With summer coming to an end, we bid farewell to current and former Rams heading back to their various homes worldwide. After competing on the world’s biggest stage, the 2020 Tokyo Olympic Games has concluded with a memorable competition for our Rams.
Our track and field athletes headed out to compete and represent their hometowns, ensuring that the events were a huge success.”
In the 2020 Tokyo Olympic Games, Colorado State University was fortunate enough to be represented by five former and current student-athletes. These athletes are CSU senior Lauren Gale for Team Canada in women’s 4×400-meter relay; Shadae Lawrence, class of ’19 for Team Jamaica in women’s discus throw; Mostafa Hassan, CSU class of ’18 for Team Egypt in men’s shot put and sisters Kim Mestdagh and Hanne Mestdagh, classes of ’12 and ’15, respectively, for Team Belgium in women’s basketball. All but Lawrence, who participated in the 2016 Olympic Games, proudly represented their home country as a first-time Olympian.
Our track and field athletes headed out to compete and represent their hometowns, ensuring that the events were a huge success. A major success was seen in Hassan and Lawrence’s performances, throwing the finest in their countries’ histories in the circle.
The athletes’ preparations for the Tokyo competition were demonstrated previously with outstanding qualifying numbers. Hassan qualified for the finals with a season-best 21.23m, and Lawrence threw an astounding 62.27m in the qualifying rounds. Numbers like these led the Ram Olympians to carry through to the final stats. Hassan placed eighth in men’s shot put with a 20.73m toss, and Lawrence placed seventh in women’s discus with a 62.12m toss.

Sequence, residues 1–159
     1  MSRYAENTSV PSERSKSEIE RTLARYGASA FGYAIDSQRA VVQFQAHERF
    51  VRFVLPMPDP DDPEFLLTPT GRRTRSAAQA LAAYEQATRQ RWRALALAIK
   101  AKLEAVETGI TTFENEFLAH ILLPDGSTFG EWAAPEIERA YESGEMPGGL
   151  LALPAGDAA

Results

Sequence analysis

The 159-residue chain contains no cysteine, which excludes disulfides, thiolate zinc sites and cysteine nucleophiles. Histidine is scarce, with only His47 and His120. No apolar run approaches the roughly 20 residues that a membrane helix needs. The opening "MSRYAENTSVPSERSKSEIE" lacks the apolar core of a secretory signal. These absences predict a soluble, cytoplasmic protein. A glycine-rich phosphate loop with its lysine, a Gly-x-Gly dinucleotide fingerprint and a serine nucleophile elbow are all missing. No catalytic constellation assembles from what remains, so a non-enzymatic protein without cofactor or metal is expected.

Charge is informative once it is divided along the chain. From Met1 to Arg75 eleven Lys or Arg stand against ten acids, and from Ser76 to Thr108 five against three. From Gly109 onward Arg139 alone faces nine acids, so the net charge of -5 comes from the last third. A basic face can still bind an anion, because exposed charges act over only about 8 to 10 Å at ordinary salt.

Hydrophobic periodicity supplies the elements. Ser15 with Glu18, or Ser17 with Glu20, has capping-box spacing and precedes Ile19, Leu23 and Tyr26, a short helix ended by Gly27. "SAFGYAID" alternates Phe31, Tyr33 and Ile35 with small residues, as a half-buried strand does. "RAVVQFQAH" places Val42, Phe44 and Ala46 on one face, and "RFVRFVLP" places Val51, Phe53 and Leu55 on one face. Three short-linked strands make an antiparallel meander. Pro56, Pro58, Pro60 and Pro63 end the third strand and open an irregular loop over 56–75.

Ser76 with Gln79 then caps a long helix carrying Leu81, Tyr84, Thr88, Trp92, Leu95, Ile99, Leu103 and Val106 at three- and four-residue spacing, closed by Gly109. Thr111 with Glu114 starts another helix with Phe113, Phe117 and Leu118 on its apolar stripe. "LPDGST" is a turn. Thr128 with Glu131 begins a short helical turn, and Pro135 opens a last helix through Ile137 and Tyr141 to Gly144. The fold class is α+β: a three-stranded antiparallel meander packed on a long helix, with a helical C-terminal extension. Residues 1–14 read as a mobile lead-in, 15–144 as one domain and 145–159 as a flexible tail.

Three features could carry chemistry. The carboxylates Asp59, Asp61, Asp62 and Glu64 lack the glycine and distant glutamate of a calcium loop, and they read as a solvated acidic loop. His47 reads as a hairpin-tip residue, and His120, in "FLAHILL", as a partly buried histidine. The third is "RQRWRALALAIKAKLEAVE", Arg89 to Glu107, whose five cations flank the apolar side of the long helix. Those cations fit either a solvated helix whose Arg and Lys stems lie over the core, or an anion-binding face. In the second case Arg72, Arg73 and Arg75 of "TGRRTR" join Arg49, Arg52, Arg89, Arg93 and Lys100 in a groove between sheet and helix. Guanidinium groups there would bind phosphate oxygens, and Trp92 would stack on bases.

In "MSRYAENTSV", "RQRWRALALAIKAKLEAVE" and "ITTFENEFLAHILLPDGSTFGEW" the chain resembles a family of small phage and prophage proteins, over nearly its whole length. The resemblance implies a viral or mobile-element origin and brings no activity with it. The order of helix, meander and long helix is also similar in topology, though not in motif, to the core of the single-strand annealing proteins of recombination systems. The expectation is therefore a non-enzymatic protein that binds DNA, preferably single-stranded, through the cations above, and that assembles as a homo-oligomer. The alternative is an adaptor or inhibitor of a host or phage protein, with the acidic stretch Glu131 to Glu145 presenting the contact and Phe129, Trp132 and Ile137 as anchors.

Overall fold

As for Gale, she was a reserve member of Team Canada’s fourth-place finisher in the 4×400-meter relay, missing the podium by a near .60 seconds. Gale, who was notably the youngest member on Team Canada, gained vital experience on her journey to wear the maple leaf and represent her hometown. As the summer games came to an end, Canada came in fourth with a time of 3:21.84, trailing Jamaica — 3:21.24, Poland — 3:20.53 and gold medalist United States — 3:16.85.
A true power team, the Mestdagh sisters have made a name for the game. Playing side by side, the Mestdagh sisters were members of their hometown team, the Belgian Cats, for women’s basketball. Basketball is nothing new to either of the sisters, regarding their stellar game history from their time at CSU. The Mestdagh sisters only played together for one season, 2011-12, on Moby Arena’s floor, when Kim was a senior and Hanne was a rookie. There was plenty of time for the well-needed power team to show out at the Tokyo Games, just as they did.
The Belgian Cats went 2-1 in competitive games before losing to Japan in the quarterfinals. After holding a lead during the second and third quarter, Team Belgium fell short of one point, losing to Team Japan 86-85. The sisters, combined, received seven rankings. Kim ranked seventh in scoring with 14.8 points per game, sixth in total field goal attempts with 52 and third in 3-point field goals made with 10. Hanne ranked eighth in 3-point field goal percentage at 47.1% with 8 made of 17 attempts and seventh in 3-point field goals made. With the games coming to an end, Kim and Hanne will continue their careers playing professionally and representing Belgium.
Colorado State has a long and illustrious history of competing in the Olympic Games, both as a member of Team USA and as a representative of other countries. After the Tokyo Olympics, our five competitors boosted the total of Ram Olympians to 21.
With plenty of time before the next Olympic Games, the anticipation for who may represent green and gold in the future leaves everyone wanting more. A very big Ram congratulations goes to the participating athletes for making history at the 2020 Tokyo Olympic Games.
Karsyn Lane can be reached at firstname.lastname@example.org or on Twitter @KarsynLane1.